Oak Street Cottage
Originally built in 1891, a stone’s throw away from the old Washington and Old Dominion trolley, this cross gabled Victorian was a landmark in the area once known as Sherwood Farms. The two-and-a-half story, clapboard and shingle house was called the Graham House, named after its original owners. Over its 115 year life, the house was modified and added on to several times and started to deteriorate. Poorly designed diminutive additions were added to the rear creating small, awkward, low ceiling spaces that became irrelevant to the modern user. The house was in serious need of a significant renovation and restoration.
The current owner restored the original house room by room, paying close attention to detail. After all of the original interior and exterior spaces were restored, the owners decided to remove the awkward addition in the rear and add a new addition that complimented the original house. The program for the project called for a new family room addition, mudroom and bathroom on the first floor with a new master bedroom suite on the second floor. A dormer was added to the left side of the one-and-a-half story part of the house to maximize the usability of rooms located there. The design of the rear addition was entirely derived from the original house. The details were matched exactly, including the clipped shingle siding, the flairs above all the windows, and the proportions of the windows and shutters to name a few.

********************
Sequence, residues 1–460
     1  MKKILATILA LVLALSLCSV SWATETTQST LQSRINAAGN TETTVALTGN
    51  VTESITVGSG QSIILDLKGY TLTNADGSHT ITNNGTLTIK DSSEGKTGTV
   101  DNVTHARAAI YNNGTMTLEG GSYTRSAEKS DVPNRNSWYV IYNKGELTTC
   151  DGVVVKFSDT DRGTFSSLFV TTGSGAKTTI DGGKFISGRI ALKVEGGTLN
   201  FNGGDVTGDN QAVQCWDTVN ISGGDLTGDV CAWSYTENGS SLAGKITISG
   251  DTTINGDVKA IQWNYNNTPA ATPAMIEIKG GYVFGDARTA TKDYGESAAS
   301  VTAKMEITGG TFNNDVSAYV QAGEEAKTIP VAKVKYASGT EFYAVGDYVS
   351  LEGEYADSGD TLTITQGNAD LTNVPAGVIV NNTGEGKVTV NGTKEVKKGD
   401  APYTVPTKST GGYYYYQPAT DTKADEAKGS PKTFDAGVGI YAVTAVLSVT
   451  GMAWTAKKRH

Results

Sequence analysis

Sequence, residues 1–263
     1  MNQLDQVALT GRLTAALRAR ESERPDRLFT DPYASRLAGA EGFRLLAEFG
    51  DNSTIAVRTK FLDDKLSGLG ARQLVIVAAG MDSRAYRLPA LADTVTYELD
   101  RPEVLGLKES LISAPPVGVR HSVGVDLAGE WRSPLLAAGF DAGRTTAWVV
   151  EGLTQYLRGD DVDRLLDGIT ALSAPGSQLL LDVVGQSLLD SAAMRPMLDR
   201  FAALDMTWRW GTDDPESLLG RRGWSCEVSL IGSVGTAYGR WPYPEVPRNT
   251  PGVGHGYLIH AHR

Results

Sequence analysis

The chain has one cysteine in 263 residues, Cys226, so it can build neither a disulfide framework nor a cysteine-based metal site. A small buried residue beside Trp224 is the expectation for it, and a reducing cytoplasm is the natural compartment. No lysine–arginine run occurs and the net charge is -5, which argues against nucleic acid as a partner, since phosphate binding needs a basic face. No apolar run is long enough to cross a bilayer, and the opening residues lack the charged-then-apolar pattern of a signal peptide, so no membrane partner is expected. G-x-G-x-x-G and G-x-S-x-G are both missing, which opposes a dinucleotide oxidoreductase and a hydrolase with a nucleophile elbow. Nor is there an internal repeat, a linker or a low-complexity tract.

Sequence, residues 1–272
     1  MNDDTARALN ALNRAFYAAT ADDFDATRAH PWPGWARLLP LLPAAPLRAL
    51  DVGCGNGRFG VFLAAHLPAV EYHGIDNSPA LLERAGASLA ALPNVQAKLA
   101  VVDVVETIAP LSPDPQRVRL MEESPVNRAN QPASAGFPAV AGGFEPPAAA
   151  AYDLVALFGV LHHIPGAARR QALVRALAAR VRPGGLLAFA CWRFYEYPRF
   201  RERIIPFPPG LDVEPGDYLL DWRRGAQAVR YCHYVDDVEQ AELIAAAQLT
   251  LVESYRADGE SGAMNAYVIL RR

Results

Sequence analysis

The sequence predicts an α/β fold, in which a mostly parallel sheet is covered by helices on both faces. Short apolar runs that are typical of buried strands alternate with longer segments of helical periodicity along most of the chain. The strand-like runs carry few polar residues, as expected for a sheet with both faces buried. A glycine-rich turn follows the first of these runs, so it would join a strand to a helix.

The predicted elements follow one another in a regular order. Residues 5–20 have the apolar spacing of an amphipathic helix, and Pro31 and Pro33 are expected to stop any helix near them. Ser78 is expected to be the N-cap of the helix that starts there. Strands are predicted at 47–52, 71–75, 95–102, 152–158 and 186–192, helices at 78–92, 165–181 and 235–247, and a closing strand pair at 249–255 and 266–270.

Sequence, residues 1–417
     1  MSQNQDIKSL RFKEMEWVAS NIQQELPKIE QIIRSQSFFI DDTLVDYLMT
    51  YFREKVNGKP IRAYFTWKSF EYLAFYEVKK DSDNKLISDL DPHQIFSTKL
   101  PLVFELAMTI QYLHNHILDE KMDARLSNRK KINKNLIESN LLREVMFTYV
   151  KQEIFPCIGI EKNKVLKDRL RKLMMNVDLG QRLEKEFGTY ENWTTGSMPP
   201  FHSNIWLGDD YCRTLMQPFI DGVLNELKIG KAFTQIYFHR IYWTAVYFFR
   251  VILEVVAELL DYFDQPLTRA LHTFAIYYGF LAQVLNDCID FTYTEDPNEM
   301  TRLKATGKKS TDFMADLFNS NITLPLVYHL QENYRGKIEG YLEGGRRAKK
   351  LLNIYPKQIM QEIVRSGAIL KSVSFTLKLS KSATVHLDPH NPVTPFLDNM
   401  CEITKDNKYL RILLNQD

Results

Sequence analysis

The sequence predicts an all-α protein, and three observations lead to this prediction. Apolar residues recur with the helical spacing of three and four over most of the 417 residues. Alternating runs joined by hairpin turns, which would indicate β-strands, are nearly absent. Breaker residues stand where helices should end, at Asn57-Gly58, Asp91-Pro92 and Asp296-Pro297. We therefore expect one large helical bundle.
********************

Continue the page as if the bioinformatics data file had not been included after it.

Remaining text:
The finished product provided a seamless addition to the original house without overpowering the lot. As a renovated house, the finished product fits the neighborhood, restoring its standing as a landmark, satisfying the owner’s needs for house and home.